Joyce’s voice didn’t waiver. "Because Papa said he was going to vote that day. Mama wanted to vote too."
I hadn't really understood what a vote meant that day. I hadn’t understood why anyone would have died to "get" one. And I certainly hadn’t understood why anyone would find someone asking to vote so threatening they were willing to kill for it.
It was several years later I learnt black South Africans didn’t get their right to vote till 1994. I remember seeing photos on TV, photos of people lining for up to twelve hours at times to cast their ballots, a first for many, an experience Joyce’s parents never got to have. Imagine, that in 1994, the rest of us were watching Forrest Gump and Pulp Fiction. This was not that long ago.
Universal suffrage, the right of the general adult population in any nation to vote, came early to some countries like New Zealand (1893), Finland (1906) and Denmark (1915). In the aftermath of the first and second world wars, many European countries got on board and extended voting rights to all—Germany (1919), France (1944) and Belgium (1948)—mainly in recognition of the role women played in the wars. North America followed suite, albeit slowly. Aboriginal Canadians were not allowed to vote until 1960 and universal voting rights were not in place formally till 1965 in the USA. Just imagine. This was not that long ago.
What astounds me most though, is how women have been restricted in taking part in the electoral system around the world, and still do today. In Oman, women didn’t gain the right to vote till 1994, 1999 in Qatar, 2006 in UAE and 2015 in Saudi Arabia—just last year. I cannot help but wonder, what are they so afraid of? Then again, given most women can’t move freely on their own and are severely restricted by families, communities, and cultural values backed by austere legislation in these places, it is highly doubtful these laws are given any respect. Also given a lack of fair democratic processes in the first place, such laws are dubious at best.
Some nations like Nigeria and India claim vociferously to be democratic with India loudly claiming to anyone who'd listen they're the biggest democracy in the world. Yet we hear time and time again of forced voting, of entire villages being persuaded by either threats or bribes to vote for a certain candidate. I wonder how many village women in India know of their right to vote or can even read the ballot. When I hear of wins of 90%+ like in Ethiopia in 2010, I wonder how fair and free the process had really been. The world is still waiting to see how Hong Kong pans out, now that it’s part of China. Elections are being planned for 2017, though this is shrouded in controversy, protests and arrests. I wonder about Hong Kong but I wonder with hope. Because there are still places like Brunei, Burma, Iran and several other sad places in this planet of ours where there is no opportunity to vote whatsoever or elections are bogus at best.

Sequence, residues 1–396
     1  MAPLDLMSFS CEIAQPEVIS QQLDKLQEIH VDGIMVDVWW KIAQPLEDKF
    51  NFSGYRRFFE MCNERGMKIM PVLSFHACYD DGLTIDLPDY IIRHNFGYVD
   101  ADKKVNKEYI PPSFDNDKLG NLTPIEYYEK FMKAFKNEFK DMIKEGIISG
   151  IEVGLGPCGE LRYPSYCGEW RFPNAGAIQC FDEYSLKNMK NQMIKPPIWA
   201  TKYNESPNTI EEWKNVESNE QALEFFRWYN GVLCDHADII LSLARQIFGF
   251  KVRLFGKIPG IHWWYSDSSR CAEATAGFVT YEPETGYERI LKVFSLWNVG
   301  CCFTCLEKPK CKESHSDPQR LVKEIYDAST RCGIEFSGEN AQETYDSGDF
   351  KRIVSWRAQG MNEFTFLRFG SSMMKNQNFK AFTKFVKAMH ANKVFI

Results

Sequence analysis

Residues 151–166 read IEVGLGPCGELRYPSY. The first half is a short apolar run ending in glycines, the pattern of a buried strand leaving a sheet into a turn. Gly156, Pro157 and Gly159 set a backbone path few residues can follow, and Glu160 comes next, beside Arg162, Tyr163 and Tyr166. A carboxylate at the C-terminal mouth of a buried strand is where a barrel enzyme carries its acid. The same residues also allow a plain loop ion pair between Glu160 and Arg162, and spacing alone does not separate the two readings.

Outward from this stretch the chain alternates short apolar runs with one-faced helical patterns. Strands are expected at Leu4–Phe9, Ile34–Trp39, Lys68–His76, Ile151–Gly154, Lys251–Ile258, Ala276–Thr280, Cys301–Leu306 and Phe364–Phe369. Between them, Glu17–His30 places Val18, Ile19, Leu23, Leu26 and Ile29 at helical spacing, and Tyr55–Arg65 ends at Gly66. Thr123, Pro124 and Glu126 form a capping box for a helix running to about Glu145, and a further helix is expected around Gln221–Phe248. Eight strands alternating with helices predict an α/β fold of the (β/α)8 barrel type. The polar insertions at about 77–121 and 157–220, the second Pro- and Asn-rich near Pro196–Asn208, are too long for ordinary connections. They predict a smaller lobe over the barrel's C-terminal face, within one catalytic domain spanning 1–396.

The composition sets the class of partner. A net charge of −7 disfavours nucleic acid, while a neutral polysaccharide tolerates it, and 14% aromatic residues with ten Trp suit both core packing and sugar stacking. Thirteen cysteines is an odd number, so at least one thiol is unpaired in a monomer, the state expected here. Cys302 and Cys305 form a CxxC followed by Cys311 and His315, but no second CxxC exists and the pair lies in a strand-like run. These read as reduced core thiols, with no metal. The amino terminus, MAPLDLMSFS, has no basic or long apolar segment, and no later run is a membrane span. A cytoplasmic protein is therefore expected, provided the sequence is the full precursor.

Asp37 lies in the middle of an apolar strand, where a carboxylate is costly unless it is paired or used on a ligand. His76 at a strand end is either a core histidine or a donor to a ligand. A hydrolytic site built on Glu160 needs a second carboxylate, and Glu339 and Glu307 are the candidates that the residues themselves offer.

So let’s not squander this precious right we have in the free world, a right that others have died for, that others still want for and fight for. Their deaths and their battles should never be in vain. Let’s not take for granted our right to vote, our right to take part in this democratic process. It may not be perfect, and perhaps we can work together to make it better, but it is all we have. It is how we make our voices heard, how we make change, how we make history. One vote at a time.
Here in North America, we’re ramping up for an election on November 8, 2016. Whatever your stripes or leanings, wherever you fit into the political spectrum, or whether you fit into any such labels at all, you have one duty. Do the right thing. Get out and vote.
Like all my international school friends, Joyce moved to another school and another country, but not before I got to know her better. We hung out and over the next year, became friends. She somehow overcame her nightmares and reclaimed her childhood. I remember waving my last goodbye to her as she got on a plane to go to the Netherlands with her adopted parents. That day, her hair was down and her smile was bright. She looked free.
Today, every time I put a cross mark on a ballot, whether it’s for a national election or a local one, I’m grateful I’m able to do so. I remember the first time I voted. I’ve never missed an election since. And every time I put that cross, I give a silent thanks to Joyce’s parents.
Tikiri Herath is a writer who can be found on her website here.